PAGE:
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Super Castlevania IV
|Super Castlevania IV|
|8 Megabit Cartridge|
|ESRB: E10+ (Wii VC)|
|Awards | Changelog | Cheats | Codes | Codex |
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Localization | Manifest | Patches | Ratings
Reviews | Screenshots | Soundtrack
Videos | Walkthrough
Super Castlevania IV is a platform game developed and published by Konami and the first Castlevania game for the Super Nintendo Entertainment System. The game was originally released in 1991 and later re-released on the Nintendo Wii's Virtual Console in 2006. While Super Castlevania IV features the same plot and premise of the first Castlevania on the NES, it also has new eleven stages, five of which take place outside of Dracula's castle, expanded play control, 16-bit graphics featuring SNES Mode 7 and a soundtrack featuring brand new pieces and remixes based on previous Castlevania songs.
Gameplay[edit | edit source]
The control scheme has been expanded upon from its predecessors. This includes the ability for the main character, Simon Belmont, to whip in eight directions. Additionally, Simon can also keep his whip held out. Players can get Simon to hold out his whip by holding the attack button. This feature allows Simon to swing his whip around and in effect, more easily block enemy projectiles or rapidly hit enemies with minor damage. Lastly, Simon can also latch his whip onto grappling points, letting him swing over various obstacles.
In comparison to its predecessors, Simon's ability to jump has also been expanded on. To a limited extent, Simon can now be controlled in the air. This opens up the possibility to dodge and maneuver away from danger. Simon can also climb stairs in mid-jump, as well as crouch while moving forward.
Like most Castlevania games, Simon can utilize sub-weapons and whip power-ups. Sub-weapons are powered by hearts found in candles and slain enemies. Specifically, these sub-weapons include a dagger, cross-like boomerang, ax, holy water and pocket watch. Notably, the more powerful sub-weapons, such as the watch, require more hearts to use. Since the control pad is used to aim the whip, another button is used to attack with sub weapons, rather than pressing up and the attack button. On the other hand, whip power-ups, which increase the strength and length of the whip, are automatic, usually found in candles and are not regulated by hearts.
Following the model set by the previous games, Super Castlevania IV employs the usage of many the series' recurring elements, such as moving platforms, pits with spikes, and stairs that one can traverse by pressing the Up or Down direction on the D-Pad.
Unique to Super Castlevania IV's level design is its connection with Simon's whip, the Vampire Killer whip. Occasionally, objects similar to door knockers will appear in the player's view, and the player must use Simon's whip to grab onto them and swing across pits to gain access to the next part of the stage. Simon is also able to adjust the length of the whip while swinging if the player uses the D-pad accordingly.
The game took advantage of the SNES's then state-of-the-art technology to create levels which would have been impossible to render in the 8-bit NES version of the game; one level involves the player running across stationary blocks in the center of a giant, rotating, cylindrical room, while another involves the player being made to jump from platforms suspended from a pseudo-3D chandelier while the screen slowly flashes red and black.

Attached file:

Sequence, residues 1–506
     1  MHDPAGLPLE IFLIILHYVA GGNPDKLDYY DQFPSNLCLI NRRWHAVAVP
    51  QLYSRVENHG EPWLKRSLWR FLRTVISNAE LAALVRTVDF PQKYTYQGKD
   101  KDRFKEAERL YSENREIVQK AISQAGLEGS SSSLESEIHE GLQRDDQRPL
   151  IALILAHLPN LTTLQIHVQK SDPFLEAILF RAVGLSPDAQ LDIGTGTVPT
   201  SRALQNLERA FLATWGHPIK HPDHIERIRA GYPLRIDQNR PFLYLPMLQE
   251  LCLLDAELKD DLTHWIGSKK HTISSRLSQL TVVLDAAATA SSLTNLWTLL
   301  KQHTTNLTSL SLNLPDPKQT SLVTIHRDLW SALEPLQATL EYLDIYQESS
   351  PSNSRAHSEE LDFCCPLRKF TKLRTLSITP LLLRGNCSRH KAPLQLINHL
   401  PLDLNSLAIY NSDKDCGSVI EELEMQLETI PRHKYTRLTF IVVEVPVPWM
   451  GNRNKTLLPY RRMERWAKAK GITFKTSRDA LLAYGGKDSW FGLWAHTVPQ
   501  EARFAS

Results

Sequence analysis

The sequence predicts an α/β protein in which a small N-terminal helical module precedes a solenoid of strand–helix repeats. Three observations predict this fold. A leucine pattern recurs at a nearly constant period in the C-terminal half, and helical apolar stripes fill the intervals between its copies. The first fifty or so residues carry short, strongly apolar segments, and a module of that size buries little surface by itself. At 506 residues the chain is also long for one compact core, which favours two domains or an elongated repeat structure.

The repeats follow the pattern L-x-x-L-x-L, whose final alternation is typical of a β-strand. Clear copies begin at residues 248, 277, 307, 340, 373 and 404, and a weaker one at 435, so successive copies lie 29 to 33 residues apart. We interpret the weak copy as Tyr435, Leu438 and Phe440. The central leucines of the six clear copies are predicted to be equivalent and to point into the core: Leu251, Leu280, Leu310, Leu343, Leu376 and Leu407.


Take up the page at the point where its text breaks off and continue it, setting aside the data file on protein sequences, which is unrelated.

Even though Super Castlevania IV is based on the original Castlevania, this game is more of an expansion. The original game offers six stages of Dracula's castle, as does Super Castlevania IV, which also includes five more stages leading up to the castle, for a total of eleven stages altogether.
Like previous entries in the series, the game's bestiary shows inspiration from American horror movies, Eastern European folklore and Greek mythology. Many of the more powerful monsters are reproductions of the Universal Monsters, with Boris Karloff's depictions of Frankenstein's Monster and The Mummy serving as the bosses in two of the game's later levels. Some of the other monsters culled from classical depiction include Medusa, The Grim Reaper and a Golem.
Version differences[edit | edit source]
The American and European localizations of the game contain some differences from the original Japanese version, which like most games in the series, is called Akumajō Dracula.
In the Japanese version of the game, there were crosses on top of some of the tombstones in the introduction. This was removed for the American and PAL localizations to avoid religious controversies. The misspelled name "Dracura" (a case of Engrish) is also clearly written (in Roman letters) on the tombstone in the Japanese version; this was replaced with an unreadable smudge in the Western versions.
As with many games on the Super NES, there were censorship issues as well. The statues in stage 6, which were originally topless, were redrawn wearing tunics. Blood dripping from the ceilings as well as pools of blood in stage 8 were re-colored from red to green, effectively turning it into slime or acid, and blood dripped from the opening logo in the Japanese version of the game which resembled the original Akumajō Dracula title screen from the Famicom Disk System.
Reception[edit | edit source]
Upon Super Castlevnia IV's North American release, the game was reviewed by Nintendo Power and given four overall scores of 4.0, 4.0, 4.5 and 4.5 out of 5. Among several items, the magazine cited the game's graphics, music and action sequences as positives. In 2006, the game was then named by Nintendo Power as the 66th best game made on a Nintendo system.
Aside from Nintendo Power, in 1994, the game was reviewed by Sandy Petersen in Dragon #209's "Eye of the Monitor" column. Petersen gave the game 3 out of 5 stars.